Ahoy hoy and welcome back to Vandals, Posers, Athletes.
I’m in Bali, where I’ve been sweating profusely, eating heaped plates of nasi campur on the daily and skating a small concrete mini ramp most afternoons. It’s literally paradise. But I’m still holding up my end of the bargain, which is directing your eyeballs towards those sweet, sweet skate clips that you may or may not have seen over the last fortnight.
This week I’ve narrowed it down to five clips, starting with the latest exceptional doco to hit the interwebs. It’s the Canada episode of Jeff Grosso’s Loveletters To Skateboarding. Grosso kicks it off with a Facetime call, explaining, ‘I am an undesirable and the country of Canada will not let me into their borders.’ He’s one of many American professional skateboarders who have been turned away by Canadian authorities over the years, assumedly for his criminal record. Those peaceful, tolerant Canadians don’t take too kindly to American criminals like Grosso. But Grosso ain’t bitter about it. As usual, he comes off as both blasé and respectful, letting his genuine interest in other people drive the narrative.
The Letters: Oh Canada
The doco reveals that the Canadian scene is unique, interesting and often receives less recognition than it probably should. Some legends have come out of Canada, most obviously McCrank, Colin McKay, Appleyard, Rick Howard, Chris Haslam, and Sluggo. But there are so many other unknown rippers. ‘The Canadian contribution to skateboarding is fucking amazing,’ says Grosso at the beginning, acknowledging that the episode won’t tell the whole history of Canadian skateboarding. ‘We’re just trying to entertain you between sessions and maybe make you think about how great skateboarding really is, and how deep it all goes.’ It’s a worthy task and The Letters continually delivers.
Bronson’s ‘Into The Pit’
Into The Pit is definitely the gnarliest video I’ve seen lately. It’s a tour video of such quality, it looks like it could have been filmed over a year or two. I guess when you’re road tripping through The South of the US with Jamie Foy, Clive Dixon, Axel Cruysberghs, Eric Winkowski, Ducky Kovacs, Pedro Delfino, and Alexis Ramirez, rails are going to get chomped. And chomped they got. Ducky and Big Pinch went hard. There’s also an eye-catching montage from a crusty vert ramp somewhere, at which point Winkowski reminds everyone why he’s one of the most interesting dudes to watch on a board these days. Crews don’t get much heavier than this one and the edit, by Tyler Wilcox, is a thing of beauty.
Apparently, the title, ‘Into The Pit’ is a reference to the infamous Sloss Furnaces in a place called Birmingham. Ducky Kovacs explained in the Thrasher article that the crew got a history lesson while they were there: apparently way back in the early 1900s one of the foremen at the furnaces was running a graveyard shift during which 47 employees died. Legend has it that in 1906 some the workers led that foreman up on top of one of the furnaces and threw their boss down to an instant death. I guess this was before Trade Unions, when, if you didn’t like your boss, you could have a chat to the boys on smoko and hatch a plan to kill him. In Ducky’s words, ‘Going “into the pit” became a negative mantra for us on the trip, something one should avoid at all costs.’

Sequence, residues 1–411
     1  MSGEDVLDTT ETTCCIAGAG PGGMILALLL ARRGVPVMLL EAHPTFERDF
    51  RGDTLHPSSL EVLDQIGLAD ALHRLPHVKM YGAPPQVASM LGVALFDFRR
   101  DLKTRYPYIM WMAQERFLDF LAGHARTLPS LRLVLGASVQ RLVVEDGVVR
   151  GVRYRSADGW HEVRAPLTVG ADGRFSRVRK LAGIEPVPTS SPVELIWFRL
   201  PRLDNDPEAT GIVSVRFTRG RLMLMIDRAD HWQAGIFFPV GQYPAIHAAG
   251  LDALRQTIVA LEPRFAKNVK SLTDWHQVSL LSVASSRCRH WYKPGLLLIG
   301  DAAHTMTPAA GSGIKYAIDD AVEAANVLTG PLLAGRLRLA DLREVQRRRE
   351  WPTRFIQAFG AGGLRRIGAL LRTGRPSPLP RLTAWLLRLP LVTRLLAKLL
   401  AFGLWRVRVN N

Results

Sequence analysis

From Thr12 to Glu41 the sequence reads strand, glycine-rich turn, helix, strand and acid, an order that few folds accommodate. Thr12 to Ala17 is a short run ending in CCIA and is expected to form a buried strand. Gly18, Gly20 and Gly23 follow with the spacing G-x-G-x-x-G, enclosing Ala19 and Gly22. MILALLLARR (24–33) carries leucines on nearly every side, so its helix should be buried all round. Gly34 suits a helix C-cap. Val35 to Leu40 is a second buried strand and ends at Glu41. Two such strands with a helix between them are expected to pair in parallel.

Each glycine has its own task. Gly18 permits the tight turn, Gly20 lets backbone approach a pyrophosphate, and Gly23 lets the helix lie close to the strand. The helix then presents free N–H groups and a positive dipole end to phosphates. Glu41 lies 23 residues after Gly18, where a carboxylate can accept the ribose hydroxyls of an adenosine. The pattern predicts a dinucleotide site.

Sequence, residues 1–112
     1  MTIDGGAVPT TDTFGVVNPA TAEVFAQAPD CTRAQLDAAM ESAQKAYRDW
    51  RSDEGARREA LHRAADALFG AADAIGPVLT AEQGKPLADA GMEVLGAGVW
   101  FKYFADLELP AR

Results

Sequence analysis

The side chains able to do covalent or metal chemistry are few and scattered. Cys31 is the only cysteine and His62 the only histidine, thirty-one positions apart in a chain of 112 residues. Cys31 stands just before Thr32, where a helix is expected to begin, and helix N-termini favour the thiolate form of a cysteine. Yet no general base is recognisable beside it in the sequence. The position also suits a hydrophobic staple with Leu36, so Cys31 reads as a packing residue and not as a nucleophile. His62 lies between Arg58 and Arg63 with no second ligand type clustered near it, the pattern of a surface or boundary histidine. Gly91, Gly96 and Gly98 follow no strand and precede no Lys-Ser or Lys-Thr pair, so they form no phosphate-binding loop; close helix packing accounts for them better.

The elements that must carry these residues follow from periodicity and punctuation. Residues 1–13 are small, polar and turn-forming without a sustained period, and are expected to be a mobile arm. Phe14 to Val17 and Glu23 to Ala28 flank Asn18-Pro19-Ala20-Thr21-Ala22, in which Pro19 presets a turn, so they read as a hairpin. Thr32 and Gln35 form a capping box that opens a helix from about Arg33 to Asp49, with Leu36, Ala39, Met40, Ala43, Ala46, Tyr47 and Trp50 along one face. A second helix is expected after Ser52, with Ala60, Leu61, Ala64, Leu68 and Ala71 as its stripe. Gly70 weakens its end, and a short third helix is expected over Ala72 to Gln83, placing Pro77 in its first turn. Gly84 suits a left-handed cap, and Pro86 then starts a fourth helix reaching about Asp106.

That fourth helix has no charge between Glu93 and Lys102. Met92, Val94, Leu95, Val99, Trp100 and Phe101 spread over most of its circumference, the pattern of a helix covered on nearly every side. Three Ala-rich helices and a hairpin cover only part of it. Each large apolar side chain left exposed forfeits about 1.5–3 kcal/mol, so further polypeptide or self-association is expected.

The Return of Gravette
Remember that time that Gravette proposed to his girlfriend on King of the Road just before butt-chugging a beer? Then he kept it secret from her for however many months it took until the show went to air and he proposed to her legit while they were watching the episode. I thought that was pretty funny. I’ve always liked Gravette. He seems to have a good attitude about stuff. He’s been injured for ages but now he’s back with this new part for Bronson. It’s definitely not his gnarliest part in terms of heavy terrain but it looks like those injuries have encouraged the creative side of his skating. This part has a lot going on: a heavy arsenal of guns, bows and arrows, a trippy, tribal soundtrack and some unexpected, uncouth tricks. Thanks, Gravette.
Ricky Bro Visuals
Scope this Sydney-as-fuck street edit from Shaun Graham, aka ‘Ricky Bro’. It’s a six and a half minute montage that will humbly remind you of the joys of street skating in ‘Straya’s grittiest city. Featuring a full spread of OG Sydney skaters, including Chima Ferguson, Cody Riley, Sammy Winter, George Kousoulis, Billy Lukins, Beau Reid, Juan Onekawa, Floyd Scott and some other familiar faces, it’s a good time clip.
I don’t think I’d ever heard of Mike Arnold before this video. Or maybe I had. I can’t remember. There are so many little branded clips coming out these days that I’m getting little-branded-clip fatigue. It’s hard to keep track. The point is, this little branded clip, MIKE, stood out. I think it was the slow-mo big spin at a ten-pin bowling alley at the very beginning that hooked me in. Mike slams into the pins and then inadvertently smashes down a sign, which falls on top of him. I liked that, so I kept watching. Then there was a bunch of cutty ledge stuff that was sort of sketchy but also uniquely stylish. It was all very British. The filming and editing by Jacob Harris were also very captivating. Coming in at three minutes and forty-nine seconds and being distributed for free, this is a product that will suit all budgets and attention spans.